Why Do Certain People Recover from Addiction More Easily Than Others?

Posted on April 30th, 2014

Why Do Certain People Recover from Addiction More Easily Than Others?Addiction specialists and other health professionals are well aware that not all people who enter addiction recovery programs experience the same rate of improvement or ultimately successfully halt their substance intake. In a study published in March 2014 in the journal Clinical Psychological Science, researchers from the U.S. and Great Britain explored one of the potential explanations for the differences in treatment outcomes among affected individuals. These researchers concluded that a paradoxical phenomenon, called rate dependence, may actually give people more heavily impacted by addiction a treatment advantage over their less heavily impacted counterparts.

The Basics

Addiction is the term used to describe a combination of physical dependence on the effects of a substance and an accompanying constellation of symptoms that seriously reduce a dependent person’s ability to maintain mental and physical well-being and carry out the tasks needed to live a functional, self-reliant lifestyle. Specific symptoms that indicate the presence of an addiction include strong urges to keep using a particular substance, an inability to set and adhere to limits on substance intake, decreasing responsiveness to the effects of a given amount of a substance, the development of withdrawal symptoms when established substance intake needs are not met and the creation of a daily routine that heavily favors substance-related activities. In the U.S., all diagnosable forms of substance addiction and damaging substance abuse are considered together under a single heading called substance use disorder. Doctors designate the substance in question when making a diagnosis for each individual; in this way, the umbrella term substance use disorder becomes alcohol use disorder, opioid use disorder, etc.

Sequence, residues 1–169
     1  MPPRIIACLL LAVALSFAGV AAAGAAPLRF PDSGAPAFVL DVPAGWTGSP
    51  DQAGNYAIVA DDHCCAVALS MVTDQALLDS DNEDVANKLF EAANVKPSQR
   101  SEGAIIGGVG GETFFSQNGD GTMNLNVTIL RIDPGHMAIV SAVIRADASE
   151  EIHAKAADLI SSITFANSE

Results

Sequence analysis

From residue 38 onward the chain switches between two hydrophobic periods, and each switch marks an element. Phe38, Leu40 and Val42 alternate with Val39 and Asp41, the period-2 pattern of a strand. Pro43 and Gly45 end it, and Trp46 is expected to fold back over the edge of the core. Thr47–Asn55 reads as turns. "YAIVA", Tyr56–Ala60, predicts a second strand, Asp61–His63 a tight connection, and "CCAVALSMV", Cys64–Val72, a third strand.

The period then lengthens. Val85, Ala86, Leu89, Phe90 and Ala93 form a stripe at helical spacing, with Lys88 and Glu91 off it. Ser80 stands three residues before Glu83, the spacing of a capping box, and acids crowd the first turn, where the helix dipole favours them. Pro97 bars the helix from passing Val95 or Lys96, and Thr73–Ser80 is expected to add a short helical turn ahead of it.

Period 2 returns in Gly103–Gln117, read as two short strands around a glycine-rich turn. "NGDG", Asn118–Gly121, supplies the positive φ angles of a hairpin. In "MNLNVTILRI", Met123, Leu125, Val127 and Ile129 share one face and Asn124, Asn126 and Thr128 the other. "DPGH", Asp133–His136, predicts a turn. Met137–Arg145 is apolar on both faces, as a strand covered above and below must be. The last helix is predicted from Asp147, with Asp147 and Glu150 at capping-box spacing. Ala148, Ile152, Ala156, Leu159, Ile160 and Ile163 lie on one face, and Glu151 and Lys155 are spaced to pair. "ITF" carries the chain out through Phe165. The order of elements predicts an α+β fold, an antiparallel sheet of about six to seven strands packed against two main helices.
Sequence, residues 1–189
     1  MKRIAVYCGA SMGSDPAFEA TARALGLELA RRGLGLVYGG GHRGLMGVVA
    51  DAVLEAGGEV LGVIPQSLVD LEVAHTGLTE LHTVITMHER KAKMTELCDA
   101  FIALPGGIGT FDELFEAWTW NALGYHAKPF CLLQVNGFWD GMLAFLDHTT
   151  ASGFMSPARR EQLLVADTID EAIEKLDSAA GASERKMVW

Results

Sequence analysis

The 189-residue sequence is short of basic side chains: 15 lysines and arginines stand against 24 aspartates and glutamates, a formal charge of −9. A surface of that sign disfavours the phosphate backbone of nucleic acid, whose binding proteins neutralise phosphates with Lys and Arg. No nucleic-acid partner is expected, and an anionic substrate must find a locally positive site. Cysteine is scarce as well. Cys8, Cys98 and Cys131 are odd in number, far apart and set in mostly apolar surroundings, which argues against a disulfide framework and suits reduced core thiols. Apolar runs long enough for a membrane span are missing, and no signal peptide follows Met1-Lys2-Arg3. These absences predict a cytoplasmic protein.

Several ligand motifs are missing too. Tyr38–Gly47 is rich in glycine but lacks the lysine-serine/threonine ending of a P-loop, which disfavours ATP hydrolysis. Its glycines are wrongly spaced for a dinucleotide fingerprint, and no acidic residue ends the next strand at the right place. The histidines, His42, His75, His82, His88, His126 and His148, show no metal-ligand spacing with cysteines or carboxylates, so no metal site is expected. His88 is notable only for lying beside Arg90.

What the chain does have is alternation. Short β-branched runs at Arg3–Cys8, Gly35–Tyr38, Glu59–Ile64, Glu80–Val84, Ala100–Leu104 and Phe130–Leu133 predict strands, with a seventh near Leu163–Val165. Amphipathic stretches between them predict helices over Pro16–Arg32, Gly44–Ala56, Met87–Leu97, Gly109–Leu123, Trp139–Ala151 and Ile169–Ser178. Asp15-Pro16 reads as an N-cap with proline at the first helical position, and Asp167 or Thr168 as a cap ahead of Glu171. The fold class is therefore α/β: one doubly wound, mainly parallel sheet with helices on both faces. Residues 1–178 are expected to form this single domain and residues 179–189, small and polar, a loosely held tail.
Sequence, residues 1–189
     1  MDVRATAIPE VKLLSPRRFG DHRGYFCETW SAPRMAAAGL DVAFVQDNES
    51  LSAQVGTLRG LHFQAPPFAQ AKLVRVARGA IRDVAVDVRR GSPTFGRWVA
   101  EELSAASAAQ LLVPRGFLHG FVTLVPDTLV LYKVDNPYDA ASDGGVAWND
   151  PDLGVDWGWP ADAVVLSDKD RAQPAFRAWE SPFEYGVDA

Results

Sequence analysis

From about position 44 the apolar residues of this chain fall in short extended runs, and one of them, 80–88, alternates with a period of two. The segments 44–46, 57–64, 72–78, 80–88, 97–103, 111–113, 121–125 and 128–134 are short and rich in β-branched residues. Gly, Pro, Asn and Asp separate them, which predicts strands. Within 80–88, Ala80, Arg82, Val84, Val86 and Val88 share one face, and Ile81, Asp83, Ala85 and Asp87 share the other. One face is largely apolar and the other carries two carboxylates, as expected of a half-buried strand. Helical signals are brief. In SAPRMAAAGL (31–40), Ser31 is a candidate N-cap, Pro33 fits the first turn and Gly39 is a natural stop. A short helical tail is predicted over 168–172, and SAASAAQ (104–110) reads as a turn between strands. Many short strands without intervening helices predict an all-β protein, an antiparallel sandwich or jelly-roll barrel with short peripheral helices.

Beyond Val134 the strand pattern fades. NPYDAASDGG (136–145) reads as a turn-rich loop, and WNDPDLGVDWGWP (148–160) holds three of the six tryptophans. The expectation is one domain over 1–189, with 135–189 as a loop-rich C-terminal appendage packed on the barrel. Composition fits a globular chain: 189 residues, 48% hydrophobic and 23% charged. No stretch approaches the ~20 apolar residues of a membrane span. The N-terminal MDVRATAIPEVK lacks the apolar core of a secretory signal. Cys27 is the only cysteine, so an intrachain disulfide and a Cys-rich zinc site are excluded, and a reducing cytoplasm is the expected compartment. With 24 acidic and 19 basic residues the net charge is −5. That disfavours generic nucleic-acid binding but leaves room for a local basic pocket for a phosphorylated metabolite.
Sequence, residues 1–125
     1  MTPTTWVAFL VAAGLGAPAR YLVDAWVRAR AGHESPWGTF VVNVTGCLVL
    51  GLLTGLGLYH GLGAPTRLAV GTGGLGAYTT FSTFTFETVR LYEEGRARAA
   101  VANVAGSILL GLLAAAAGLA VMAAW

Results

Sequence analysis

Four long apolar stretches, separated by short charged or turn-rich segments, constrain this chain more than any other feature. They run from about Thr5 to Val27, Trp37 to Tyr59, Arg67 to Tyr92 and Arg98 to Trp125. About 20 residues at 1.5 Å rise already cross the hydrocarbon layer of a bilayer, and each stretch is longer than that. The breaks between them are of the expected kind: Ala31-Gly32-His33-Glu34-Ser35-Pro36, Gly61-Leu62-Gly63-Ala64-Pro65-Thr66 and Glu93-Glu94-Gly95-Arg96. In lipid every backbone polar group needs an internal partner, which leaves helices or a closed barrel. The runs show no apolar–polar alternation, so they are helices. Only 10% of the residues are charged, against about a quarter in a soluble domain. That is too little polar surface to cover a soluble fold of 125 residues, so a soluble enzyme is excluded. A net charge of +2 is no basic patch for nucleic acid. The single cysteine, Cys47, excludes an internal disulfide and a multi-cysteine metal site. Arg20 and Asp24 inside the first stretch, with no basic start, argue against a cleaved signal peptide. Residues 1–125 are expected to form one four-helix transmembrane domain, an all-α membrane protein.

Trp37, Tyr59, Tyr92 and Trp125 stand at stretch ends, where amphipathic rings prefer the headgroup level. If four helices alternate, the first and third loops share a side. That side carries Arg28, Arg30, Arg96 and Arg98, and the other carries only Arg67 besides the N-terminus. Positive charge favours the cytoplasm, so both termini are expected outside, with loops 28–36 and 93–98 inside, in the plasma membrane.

Addiction Severity

Not all people impacted by substance addiction are affected to the same extent. In fact, the substance use disorder definition allows doctors to make a diagnosis in individuals with as many as 11 related symptoms and as few as two. One of the classic problems found in people heavily impacted by addiction is loss of the ability to consider the future negative outcomes of their actions and an accompanying tendency to place greater importance on impulsive activities (like substance intake) that produce rapid short-term rewards. Addiction specialists and researchers refer to this amplified preference for immediate reward as delay discounting.

Rate Dependence and Addiction Recovery

In the study published in Clinical Psychological Science, researchers from the Virginia Tech University Carilion Research Institute, the University of Minnesota, the University of Arkansas for Medical Sciences and University College London tested the impact of a phenomenon called rate dependence on the odds that any given person in recovery from substance addiction will have a successful treatment outcome. The principles of rate dependence hold that people who don’t respond well to the initial stages of treatment sometimes experience greater longer-term benefits from that treatment than people who do initially respond well. All told, the study included 222 individuals affected by an addiction to the opioid narcotic heroin, nicotine or some form of stimulant drug or medication. The researchers roughly divided these individuals into two groups: those heavily impacted by impaired impulse control and a preference for short-term rewards and those who retained a substantial ability to predict the negative outcomes of their actions.

When they compared the treatment outcomes of the two groups, the researchers found that those individuals who expressed concern about the consequences of their addiction actually experienced fewer treatment benefits than those individuals who had more or less lost their ability to think beyond their short-term mental and physical surroundings. Specifically, they concluded that the participating addicts most heavily involved in short-term thinking reduced their substance intake during treatment to a greater extent than the participating addicts who continued to contemplate the future. One of the treatments that apparently helped the short-term-oriented addicts the most was a training process that helped them improve a critical form of short-term memory called working memory.

Significance and Considerations

The authors of the study published in Clinical Psychological Science believe they are the first researchers to identify the potential positive impact of impaired short-term thinking and impulse control on the outcomes of substance addiction treatment. They also believe that, in the future, treatment programs may be able to provide highly targeted treatments for their clients/patients by administering fairly simple tests specifically designed to identify recovering addicts unusually affected by short-term thinking and a corresponding loss of control over impulsive behavior.

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